EFA Global Monitoring Report 2015

The 2015 Report titled 'Education for All 2000-2015: achievements and challenges' is the 12th and final report of the current series. The Report will provide an authoritative account of country progress and of commitments undertaken by the international community, based on up to date statistical evidence, in-depth policy analysis and informative case studies.

Analysing each EFA goal in turn, the Report will highlight policies and practices that have helped or hindered national progress. It will also carefully consider the influence of domestic financing trends and international aid flows.

Drawing upon lessons from previous reports the 2015 GMR will provide clear recommendations to help global, regional and national policy leaders better define and monitor the post-2015 education goal and targets.]

Launching events of the EFA Report 2015:

EFA Global Monitoring Report 2014

The 2013/4 Education for All Global Monitoring Report shows why education is pivotal for development in a rapidly changing world. It explains how investing wisely in teachers, and other reforms aimed at strengthening equitable learning, transform the long-term prospects of people and societies. Equity and quality education are pivotal in the post 2015 agenda.

Launching event of the 2013/4 Report:

Monitoring Education Development

The Organization also coordinates an international movement in support of Education for All (EFA) and is responsible for monitoring the achievement of internationally agreed goals pertaining to education.

Looking beyond 2015 – the deadline set by the international community to achieve the EFA goals - UNESCO is also monitoring developments in education more broadly through research and by prompting international debates.

Normative instruments developed by the UN and UNESCO lay down international legal obligations for the right to education for all.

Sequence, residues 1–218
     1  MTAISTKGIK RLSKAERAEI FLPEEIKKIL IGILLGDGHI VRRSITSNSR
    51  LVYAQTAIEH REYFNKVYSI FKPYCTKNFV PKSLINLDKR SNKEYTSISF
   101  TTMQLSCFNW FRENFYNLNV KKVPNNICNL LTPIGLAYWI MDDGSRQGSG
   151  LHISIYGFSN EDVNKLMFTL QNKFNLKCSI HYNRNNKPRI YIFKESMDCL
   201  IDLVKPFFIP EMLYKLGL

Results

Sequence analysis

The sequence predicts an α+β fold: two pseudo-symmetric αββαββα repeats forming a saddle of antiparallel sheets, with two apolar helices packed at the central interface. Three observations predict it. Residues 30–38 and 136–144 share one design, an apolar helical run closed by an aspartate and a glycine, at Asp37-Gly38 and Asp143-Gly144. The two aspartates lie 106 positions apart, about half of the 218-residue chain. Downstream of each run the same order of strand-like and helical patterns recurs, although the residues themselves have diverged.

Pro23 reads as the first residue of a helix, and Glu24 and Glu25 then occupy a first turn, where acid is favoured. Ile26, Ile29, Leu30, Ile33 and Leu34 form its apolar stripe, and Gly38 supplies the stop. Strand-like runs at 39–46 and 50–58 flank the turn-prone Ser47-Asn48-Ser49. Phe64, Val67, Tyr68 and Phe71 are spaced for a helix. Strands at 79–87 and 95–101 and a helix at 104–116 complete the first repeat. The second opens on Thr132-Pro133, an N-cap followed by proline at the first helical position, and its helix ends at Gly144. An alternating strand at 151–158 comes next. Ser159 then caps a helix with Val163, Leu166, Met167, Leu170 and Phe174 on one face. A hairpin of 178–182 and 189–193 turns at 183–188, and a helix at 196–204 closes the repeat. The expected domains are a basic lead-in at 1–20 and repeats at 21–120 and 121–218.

The Organization advocates for this right by monitoring its implementation, building capacities, and reporting on progress. UNESCO also helps countries develop legal frameworks as well as mobilizes global partners on issues relating to the right to education.

UNESCO coordinates the international efforts to reach the six EFA goals, working closely with governments, development agencies, civil society, academics and the private sector. As EFA lead agency, UNESCO focuses its activities on five key areas: policy dialogue, monitoring, advocacy, mobilisation of funding, and capacity development. Since 2011, UNESCO has also lead consultations on the post-2015 education agenda.

Rethinking Education

In addition to monitoring the state of education, UNESCO also functions as a “think tank” to guide global debates on the future of education. It does so by analyzing emerging development trends and their implications for education systems and for learning. It also reviews research on education policy and suggests strategic orientations for education policy development.


Back to top